Beguilingly known as the jewel of the Libyan Sea this laid back village of Paleohora stands on a promontory fringed on one side by a long sandy beach, whilst on the other side a pretty little harbour borders a pebble beach that stretches off into "the wild blue yonder".
This is just about as far west and far south as you can go in Crete and when the last bus leaves Paleohora in the evening on its way back over the mountains to Chania, the village tavernas come alive spreading their tables and chairs even further into the narrow main street, which becomes a very atmospheric place to wine and dine, although there are numerous other tavernas to choose from in the back streets or down by the romantic harbour and promenade .
Life in Paleohora, as you might expect, is very informal and dressing for dinner normally entails a pair of sandals and shorts plus a top.
By day a cossie and straw hat are all that's required and if you are an energetic type you can disappear into the hills that abound with small tracks and footpaths leading to tiny whitewashed villages. Alternatively, if you prefer to keep close to the sea, follow the coastline east for about 5 km and you will stumble on one of the most beautiful beaches in Greece, where even your cossie is optional, if you pick a leaf from a fig tree in passing.
For would be mariners, there is a daily ferry service from Paleohora pretty harbour to Agia Roumeli at the bottom of the Samaria Gorge and trips by Caique to the superb pink fringed beaches of Elafonisi.
People watching in Paleohora - A day in the life
Paleohora is one of those places where sitting with a cup of coffee or a cold beer and watching the world go by, comes as naturally as breathing and our Harbour Apartments and Studios couldn't be better placed to enjoy this addictive pastime. If you're an early riser, you can sit on your balcony or the large terrace at the front of the apartments and watch the sun rise out of the sea, with local fishing boats caught in silhouette as they return with their night's catch. As the morning progresses, you'll see a ferryboat arriving from Sougia or the remote island of Gavdos and probably check your watch to see if its on time, as it disgorges the usual gaggle of backpackers, walkers and locals all in intriguingly different shapes and sizes. By now the cafes on the promenade are filling up for breakfast, the tourists with their boiled egg, toast and marmalade and fresh orange juice and the odd local fellow, dressed in black, nursing a small cup of coffee.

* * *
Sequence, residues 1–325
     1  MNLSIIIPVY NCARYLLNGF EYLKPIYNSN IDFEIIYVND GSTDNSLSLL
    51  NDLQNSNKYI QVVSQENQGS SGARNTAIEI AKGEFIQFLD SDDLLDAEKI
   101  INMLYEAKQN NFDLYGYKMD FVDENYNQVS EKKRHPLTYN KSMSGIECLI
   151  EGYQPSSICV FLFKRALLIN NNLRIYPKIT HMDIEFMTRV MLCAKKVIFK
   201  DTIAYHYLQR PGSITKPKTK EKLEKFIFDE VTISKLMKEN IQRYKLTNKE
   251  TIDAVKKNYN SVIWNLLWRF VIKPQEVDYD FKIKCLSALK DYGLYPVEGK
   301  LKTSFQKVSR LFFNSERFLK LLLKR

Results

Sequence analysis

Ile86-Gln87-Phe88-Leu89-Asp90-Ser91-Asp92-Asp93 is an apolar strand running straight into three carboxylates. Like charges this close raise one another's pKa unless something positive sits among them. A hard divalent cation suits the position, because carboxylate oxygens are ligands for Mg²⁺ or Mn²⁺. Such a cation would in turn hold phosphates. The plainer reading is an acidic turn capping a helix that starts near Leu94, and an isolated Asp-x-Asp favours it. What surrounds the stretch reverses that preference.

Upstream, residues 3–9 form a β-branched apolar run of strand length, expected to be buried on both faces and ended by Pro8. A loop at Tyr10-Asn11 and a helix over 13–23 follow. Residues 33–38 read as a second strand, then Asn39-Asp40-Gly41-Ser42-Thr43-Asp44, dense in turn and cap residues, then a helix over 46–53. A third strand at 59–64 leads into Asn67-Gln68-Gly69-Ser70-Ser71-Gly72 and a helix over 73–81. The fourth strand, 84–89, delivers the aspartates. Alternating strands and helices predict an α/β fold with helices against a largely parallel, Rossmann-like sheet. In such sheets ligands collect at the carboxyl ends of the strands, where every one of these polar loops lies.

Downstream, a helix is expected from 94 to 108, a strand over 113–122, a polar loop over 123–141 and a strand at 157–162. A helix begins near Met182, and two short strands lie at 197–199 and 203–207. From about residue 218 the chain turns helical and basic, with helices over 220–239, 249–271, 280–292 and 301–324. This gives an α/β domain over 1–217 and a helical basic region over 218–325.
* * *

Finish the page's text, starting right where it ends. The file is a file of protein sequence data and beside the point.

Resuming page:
As the day progresses, the sun gets hotter, the cafes empty and the tavernas fill for lunch. People wander slowly past in cossies and sandals with perhaps a towel slung over their shoulder and a ubiquitous local straw hat. In the afternoon, before the arrival of the next ferryboat, the town quietens for siesta time and even the young childrenÂ fishing on the harbour-side depart, as the fish too seem to tire and lose interest in the little bits of bread paste turned an enticing pink with taramasalata!
As the sun wanes the ferry arrives & the town springs to life again, the cafes fill up as tourists return from the beach and the soberly dressed Cretan is there again nursing another small cup of coffee.
Later as the sun sets behind you, the sea & mountains turn a soft gold and as dusk approaches, twinkling lights appear & conversations in the cafes become more animated. In the Summer months the temperature cools to a balmy 20°C and the locals & tourists stroll along the promenade in the traditional pre-prandial parade to the strains of muted Greek music wafting gently upwards from a nearby taverna. Later still the cafes & tavernas empty once more & the promenade is deserted, save for the occasional couple strolling hand in hand in the moonlight, with the mountains just a dark shadow on the horizon.
Whale Watching - Paleohora
Dolphins as depicted on Minoan frescoes at Knossos have long been associated with Crete and are often spotted by ferry passengers on the south coast routes from Paleohora to Sougia and Agia Roumeli.
Occasional sightings of whales have also been reported and a few years ago The Institute of Cetacean Research in Athens funded a small research programme based in Paleohora to study the local whale population. The Institute chartered and equipped a local fishing boat under the captaincy of Stelios Yialinakis and to help fund the programme, guest researchers were invited to take part. Subsequently, the daily Paleohora whale watching trips, although little publicised, proved to be enormously popular and often over subscribed.
Early results indicated that there are both Sperm and Ziphius Whales present in this area of the Libyan Sea and although numbers appear to be relatively small, the use of hydrophonic equipment has enabled researchers to listen to their call signals and help identify the different species and family groups.
Although the research and funding has now finished, it captured the imagination of Stelios Yialinakis and he now arranges half-day Dolphin spotting trips from early April to the end of October at an approx. cost of 20€ per person departing from Paleohora Harbour.. In the natural world of course nothings ever guaranteed and although Stelios as a result of the earlier research is better placed than most to find the right spots, you might spend four hours and see absolutely zero. On the other hand you could be lucky and see a whole school of dolphins, or even spot a whale! It's all part and parcel of the mystery and fascination of the world's largest living mammals and their smaller, ultra intelligent cousins.
Melanie Davidson Jul 2008
|"We loved the location of the Harbour apartments, only a stone's throw from the restaurants and the beach. It was our first visit to Crete and we'll definitely be back to Paleohora. Thanks for a great holiday."|
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